Thermal Lag

Discussion in 'General Electronics Chat' started by Mazaag, Sep 21, 2007.

  1. Mazaag

    Thread Starter Senior Member

    Oct 23, 2004
    255
    0
    Hi guys,

    I had a question about heating up resistors and thermal lag... I have a control system which uses thermocouples as the feedback sensors, and I alter the voltage across the resistor (AC) according to error...

    Now, I understand that there is thermal lag in terms of the resistor heating up.. my question is as follows : will it matter whether the voltage applied is AC or DC ? in other words, is it possible to decrease the lag time in heating up the resistor if DC is used instead of AC ?

    Thanks
     
  2. thingmaker3

    Retired Moderator

    May 16, 2005
    5,072
    6
    AC or DC will give the same result.
     
  3. Mazaag

    Thread Starter Senior Member

    Oct 23, 2004
    255
    0
    Can you explain to me why .. ?

    Like... how does the AC heat up the resistor , and is it different from the way DC does ?
     
  4. beenthere

    Retired Moderator

    Apr 20, 2004
    15,815
    282
    The current through the resistor is what does the heating. The machanism is exactly alike for AC and DC.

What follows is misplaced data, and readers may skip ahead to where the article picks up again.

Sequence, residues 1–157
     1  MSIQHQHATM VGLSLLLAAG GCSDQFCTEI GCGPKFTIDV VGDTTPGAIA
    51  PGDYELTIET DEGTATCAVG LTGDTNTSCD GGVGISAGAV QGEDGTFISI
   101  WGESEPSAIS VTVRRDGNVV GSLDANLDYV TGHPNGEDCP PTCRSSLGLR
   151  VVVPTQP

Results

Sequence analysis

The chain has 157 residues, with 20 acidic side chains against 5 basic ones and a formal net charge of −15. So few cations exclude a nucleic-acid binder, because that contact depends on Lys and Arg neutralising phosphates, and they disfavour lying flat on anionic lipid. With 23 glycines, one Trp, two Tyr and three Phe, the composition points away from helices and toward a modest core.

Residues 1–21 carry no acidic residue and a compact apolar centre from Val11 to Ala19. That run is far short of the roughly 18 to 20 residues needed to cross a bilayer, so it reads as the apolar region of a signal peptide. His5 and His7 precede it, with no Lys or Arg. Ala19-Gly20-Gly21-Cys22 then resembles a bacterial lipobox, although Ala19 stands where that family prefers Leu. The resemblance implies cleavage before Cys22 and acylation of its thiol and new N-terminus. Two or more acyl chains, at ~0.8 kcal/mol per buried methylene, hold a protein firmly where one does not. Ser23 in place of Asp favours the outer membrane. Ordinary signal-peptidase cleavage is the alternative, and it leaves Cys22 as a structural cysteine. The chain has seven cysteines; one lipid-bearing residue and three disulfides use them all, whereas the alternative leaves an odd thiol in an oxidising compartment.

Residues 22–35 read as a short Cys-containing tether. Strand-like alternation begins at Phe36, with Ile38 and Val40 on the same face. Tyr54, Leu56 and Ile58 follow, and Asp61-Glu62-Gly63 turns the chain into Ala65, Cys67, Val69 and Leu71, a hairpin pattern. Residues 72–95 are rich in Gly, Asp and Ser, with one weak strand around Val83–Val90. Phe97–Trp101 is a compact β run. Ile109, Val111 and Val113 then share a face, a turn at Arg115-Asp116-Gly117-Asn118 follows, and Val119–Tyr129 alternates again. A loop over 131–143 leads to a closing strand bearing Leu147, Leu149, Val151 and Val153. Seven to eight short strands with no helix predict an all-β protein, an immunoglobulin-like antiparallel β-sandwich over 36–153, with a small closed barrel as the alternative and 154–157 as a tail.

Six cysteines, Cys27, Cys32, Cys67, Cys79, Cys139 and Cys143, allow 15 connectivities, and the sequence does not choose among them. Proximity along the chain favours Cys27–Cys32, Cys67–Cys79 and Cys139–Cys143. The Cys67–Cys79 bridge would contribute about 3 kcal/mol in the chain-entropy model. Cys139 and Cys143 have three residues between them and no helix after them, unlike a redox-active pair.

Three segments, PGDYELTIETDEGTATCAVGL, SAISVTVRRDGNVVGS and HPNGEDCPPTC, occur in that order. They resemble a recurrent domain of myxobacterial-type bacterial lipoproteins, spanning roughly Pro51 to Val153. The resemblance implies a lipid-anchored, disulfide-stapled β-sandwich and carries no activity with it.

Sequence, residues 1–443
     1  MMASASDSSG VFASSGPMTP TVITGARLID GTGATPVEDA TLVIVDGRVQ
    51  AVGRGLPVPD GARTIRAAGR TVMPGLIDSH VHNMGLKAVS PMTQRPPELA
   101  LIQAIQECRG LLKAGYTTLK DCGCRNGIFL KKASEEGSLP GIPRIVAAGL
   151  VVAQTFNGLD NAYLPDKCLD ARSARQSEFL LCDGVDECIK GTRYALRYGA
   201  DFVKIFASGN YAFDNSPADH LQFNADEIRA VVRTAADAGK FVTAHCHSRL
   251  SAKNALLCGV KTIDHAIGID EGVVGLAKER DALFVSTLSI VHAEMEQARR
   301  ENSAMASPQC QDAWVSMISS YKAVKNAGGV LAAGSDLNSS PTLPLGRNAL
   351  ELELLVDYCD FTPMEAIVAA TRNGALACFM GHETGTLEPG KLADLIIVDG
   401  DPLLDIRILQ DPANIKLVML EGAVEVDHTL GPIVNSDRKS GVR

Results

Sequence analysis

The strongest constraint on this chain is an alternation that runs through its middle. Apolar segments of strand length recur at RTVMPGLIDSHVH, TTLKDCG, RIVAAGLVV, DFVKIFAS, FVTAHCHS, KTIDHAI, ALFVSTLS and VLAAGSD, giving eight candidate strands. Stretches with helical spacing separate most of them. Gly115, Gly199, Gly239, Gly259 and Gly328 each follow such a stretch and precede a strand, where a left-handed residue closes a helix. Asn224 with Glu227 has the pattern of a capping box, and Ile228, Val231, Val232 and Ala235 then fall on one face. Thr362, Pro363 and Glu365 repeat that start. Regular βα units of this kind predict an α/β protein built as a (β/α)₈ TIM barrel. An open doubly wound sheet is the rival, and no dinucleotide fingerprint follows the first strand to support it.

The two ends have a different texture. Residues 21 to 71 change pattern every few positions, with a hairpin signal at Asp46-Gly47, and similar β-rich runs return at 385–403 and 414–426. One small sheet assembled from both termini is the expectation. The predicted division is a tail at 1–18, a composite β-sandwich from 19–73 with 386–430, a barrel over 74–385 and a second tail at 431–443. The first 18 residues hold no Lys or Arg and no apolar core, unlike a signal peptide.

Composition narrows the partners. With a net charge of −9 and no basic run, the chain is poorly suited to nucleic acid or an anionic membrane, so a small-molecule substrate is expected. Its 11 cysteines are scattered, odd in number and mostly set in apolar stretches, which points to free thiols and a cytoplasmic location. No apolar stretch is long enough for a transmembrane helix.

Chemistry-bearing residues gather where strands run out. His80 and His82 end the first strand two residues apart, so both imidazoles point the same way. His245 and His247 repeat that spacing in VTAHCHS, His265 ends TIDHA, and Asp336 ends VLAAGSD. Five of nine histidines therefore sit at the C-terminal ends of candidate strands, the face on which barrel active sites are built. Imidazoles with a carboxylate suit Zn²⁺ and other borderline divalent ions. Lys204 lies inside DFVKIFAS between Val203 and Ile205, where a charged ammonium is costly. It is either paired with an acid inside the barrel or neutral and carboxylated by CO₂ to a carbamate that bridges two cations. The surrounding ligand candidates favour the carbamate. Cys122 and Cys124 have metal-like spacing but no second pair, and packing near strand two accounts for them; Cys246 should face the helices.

As long as the AC current is measured as RMS, then the power dissipated in the resistor is exactly the same for AC as DC.
     
  5. Mazaag

    Thread Starter Senior Member

    Oct 23, 2004
    255
    0
    How does the current produce the heat ? is it the affect of friction between the electrons and the atoms on the material?
     
  6. Distort10n

    Active Member

    Dec 25, 2006
    429
    1
    You have to love physics!

    The way I look at it, and if I remember correctly, it is the vibration and/or collision of molecules that help to cause heat. If I had my physics' notes I could tell you more. Here is a link that asks the same question:

    http://www.madsci.org/posts/archives/2000-11/973264612.Ph.r.html

    Otherwise the RMS value for the AC waveform is equivalent to a specific DC value. No difference.
     
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